Summer Sands-MacBeth standing next to Indigenous ArtNishnaabemwin, a dialect of Anishinaabemowin, an Indigenous language spoken by communities in the Southern Great Lakes, has been in decline as early as the 1970s. Evidence suggest that there are only about 20 first language speakers today on Walpole Island First Nation.

Neebnookwe (Summer Sands-Macbeth) wants to develop and implement language programs that will help preserve and teach this Indigenous language.

Sands-Macbeth was born and raised on Walpole Island First Nation and grew up surrounded by the language and culture of her parents who were both first language speakers.

“In school, there was very little taught surrounding our language and culture,” says Sands-Macbeth, an Indian Day School survivor. “No one was fluent in the language at my age.”

In 1997, she traveled to Guatemala to learn Spanish. She noted the way the teachers taught verb conjugations and realized that their teaching style may have relevance to teaching Nishnaabemwin.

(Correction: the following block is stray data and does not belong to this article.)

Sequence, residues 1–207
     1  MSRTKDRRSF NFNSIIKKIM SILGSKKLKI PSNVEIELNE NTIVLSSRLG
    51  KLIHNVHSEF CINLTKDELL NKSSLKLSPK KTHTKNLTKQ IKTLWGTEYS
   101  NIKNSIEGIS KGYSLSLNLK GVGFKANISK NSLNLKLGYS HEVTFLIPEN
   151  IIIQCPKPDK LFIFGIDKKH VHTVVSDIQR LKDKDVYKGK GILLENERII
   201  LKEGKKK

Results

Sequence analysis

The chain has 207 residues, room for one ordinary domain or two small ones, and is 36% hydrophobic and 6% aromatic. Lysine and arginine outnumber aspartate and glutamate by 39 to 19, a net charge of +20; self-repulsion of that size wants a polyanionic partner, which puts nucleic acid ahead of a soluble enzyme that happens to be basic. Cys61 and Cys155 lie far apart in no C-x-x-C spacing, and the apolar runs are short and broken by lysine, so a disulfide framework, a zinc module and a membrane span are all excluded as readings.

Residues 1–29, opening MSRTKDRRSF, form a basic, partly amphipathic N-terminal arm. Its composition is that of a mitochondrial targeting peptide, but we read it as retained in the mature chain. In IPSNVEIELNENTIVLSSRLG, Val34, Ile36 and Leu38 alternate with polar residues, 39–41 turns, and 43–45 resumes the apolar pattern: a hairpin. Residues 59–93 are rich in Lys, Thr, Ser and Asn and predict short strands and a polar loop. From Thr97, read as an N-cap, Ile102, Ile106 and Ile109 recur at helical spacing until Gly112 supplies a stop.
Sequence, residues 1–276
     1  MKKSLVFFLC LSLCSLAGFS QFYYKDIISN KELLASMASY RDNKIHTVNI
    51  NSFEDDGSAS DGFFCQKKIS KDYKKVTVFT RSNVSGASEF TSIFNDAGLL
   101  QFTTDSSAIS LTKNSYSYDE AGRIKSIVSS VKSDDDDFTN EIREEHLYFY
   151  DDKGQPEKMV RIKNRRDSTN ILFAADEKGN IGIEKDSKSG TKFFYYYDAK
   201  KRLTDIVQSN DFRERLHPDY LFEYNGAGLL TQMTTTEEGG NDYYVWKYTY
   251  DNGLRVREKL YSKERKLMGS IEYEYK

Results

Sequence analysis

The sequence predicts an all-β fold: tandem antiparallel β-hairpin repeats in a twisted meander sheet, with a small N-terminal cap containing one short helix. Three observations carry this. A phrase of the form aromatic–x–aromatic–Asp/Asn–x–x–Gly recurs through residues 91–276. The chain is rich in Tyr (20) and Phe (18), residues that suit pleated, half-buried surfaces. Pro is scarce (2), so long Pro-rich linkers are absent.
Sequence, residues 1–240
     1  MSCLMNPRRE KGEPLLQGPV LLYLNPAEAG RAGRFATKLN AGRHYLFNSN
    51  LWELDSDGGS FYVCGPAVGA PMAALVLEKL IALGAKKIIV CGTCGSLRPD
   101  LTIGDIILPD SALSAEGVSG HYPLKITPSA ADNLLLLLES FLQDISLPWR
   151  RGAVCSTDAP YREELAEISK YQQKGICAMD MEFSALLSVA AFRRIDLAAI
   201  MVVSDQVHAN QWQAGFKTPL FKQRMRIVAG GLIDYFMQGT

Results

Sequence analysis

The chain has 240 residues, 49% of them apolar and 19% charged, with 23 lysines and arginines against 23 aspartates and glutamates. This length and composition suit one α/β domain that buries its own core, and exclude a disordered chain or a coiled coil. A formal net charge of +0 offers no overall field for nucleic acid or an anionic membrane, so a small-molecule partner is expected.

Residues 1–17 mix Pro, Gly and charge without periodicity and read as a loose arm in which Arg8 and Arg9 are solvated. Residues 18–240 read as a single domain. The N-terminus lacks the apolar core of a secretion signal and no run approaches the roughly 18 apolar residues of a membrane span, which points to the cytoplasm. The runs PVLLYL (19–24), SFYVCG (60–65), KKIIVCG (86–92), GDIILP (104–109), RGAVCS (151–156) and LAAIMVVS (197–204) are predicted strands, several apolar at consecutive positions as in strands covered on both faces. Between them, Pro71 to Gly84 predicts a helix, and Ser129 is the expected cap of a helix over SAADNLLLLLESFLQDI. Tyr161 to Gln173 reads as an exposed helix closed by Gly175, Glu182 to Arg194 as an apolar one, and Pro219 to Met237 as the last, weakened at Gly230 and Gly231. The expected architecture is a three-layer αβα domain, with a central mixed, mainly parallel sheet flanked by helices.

However, when she moved back home in 2005, Sands-Macbeth noticed that language classes had not changed. Despite the introduction of occasional new teaching trends, the language instruction, methods, and resources had not differed much.

“They were still teaching the language the same way as when I was a young girl,” says Sands-Macbeth. “Some of the new teachers were in fact only memorizing words instead of, for instance, teaching verb conjugations.”

In response, Sands-Macbeth decided to try and innovate on the language and culture programming in her community. However, she recognized an opportunity to have a greater impact when she heard about the World Indigenous Studies in Education (WISE) Program at Queen’s through a work-related meeting with Lindsay Morcom.

In July 2020, she enrolled in the WISE program, where she is interested in developing a language program that can be used to teach this indigenous language.

“I would really be interested in working in other Nishnaabeg communities that are coming up with innovative ways to teach their language, and develop a program with them,” says Sands–Macbeth.

In her free time, Sands-Macbeth enjoys spending time with her wife and children and learning more about local history.